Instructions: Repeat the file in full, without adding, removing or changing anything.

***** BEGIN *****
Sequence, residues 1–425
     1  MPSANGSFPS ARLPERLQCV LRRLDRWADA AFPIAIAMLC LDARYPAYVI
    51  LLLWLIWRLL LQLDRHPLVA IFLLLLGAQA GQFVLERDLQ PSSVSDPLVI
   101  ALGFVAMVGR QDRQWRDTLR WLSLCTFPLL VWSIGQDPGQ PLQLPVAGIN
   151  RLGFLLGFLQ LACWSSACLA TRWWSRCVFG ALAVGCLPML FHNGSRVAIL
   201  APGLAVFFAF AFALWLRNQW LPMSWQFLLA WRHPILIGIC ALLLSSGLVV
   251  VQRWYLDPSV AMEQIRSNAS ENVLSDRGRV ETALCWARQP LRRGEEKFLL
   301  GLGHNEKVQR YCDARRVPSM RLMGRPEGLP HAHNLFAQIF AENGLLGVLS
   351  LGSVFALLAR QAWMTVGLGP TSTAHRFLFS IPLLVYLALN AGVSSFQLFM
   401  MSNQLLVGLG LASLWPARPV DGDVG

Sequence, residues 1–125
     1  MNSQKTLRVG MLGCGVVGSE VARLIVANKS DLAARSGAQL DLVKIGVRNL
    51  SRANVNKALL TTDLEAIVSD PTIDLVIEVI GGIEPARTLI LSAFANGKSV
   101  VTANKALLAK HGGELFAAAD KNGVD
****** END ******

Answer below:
Sequence, residues 1–425
     1  MPSANGSFPS ARLPERLQCV LRRLDRWADA AFPIAIAMLC LDARYPAYVI
    51  LLLWLIWRLL LQLDRHPLVA IFLLLLGAQA GQFVLERDLQ PSSVSDPLVI
   101  ALGFVAMVGR QDRQWRDTLR WLSLCTFPLL VWSIGQDPGQ PLQLPVAGIN
   151  RLGFLLGFLQ LACWSSACLA TRWWSRCVFG ALAVGCLPML FHNGSRVAIL
   201  APGLAVFFAF AFALWLRNQW LPMSWQFLLA WRHPILIGIC ALLLSSGLVV
   251  VQRWYLDPSV AMEQIRSNAS ENVLSDRGRV ETALCWARQP LRRGEEKFLL
   301  GLGHNEKVQR YCDARRVPSM RLMGRPEGLP HAHNLFAQIF AENGLLGVLS
   351  LGSVFALLAR QAWMTVGLGP TSTAHRFLFS IPLLVYLALN AGVSSFQLFM
   401  MSNQLLVGLG LASLWPARPV DGDVG

Sequence, residues 1–125
     1  MNSQKTLRVG MLGCGVVGSE VARLIVANKS DLAARSGAQL DLVKIGVRNL
    51  SRANVNKALL TTDLEAIVSD PTIDLVIEVI GGIEPARTLI LSAFANGKSV
   101  VTANKALLAK HGGELFAAAD KNGVD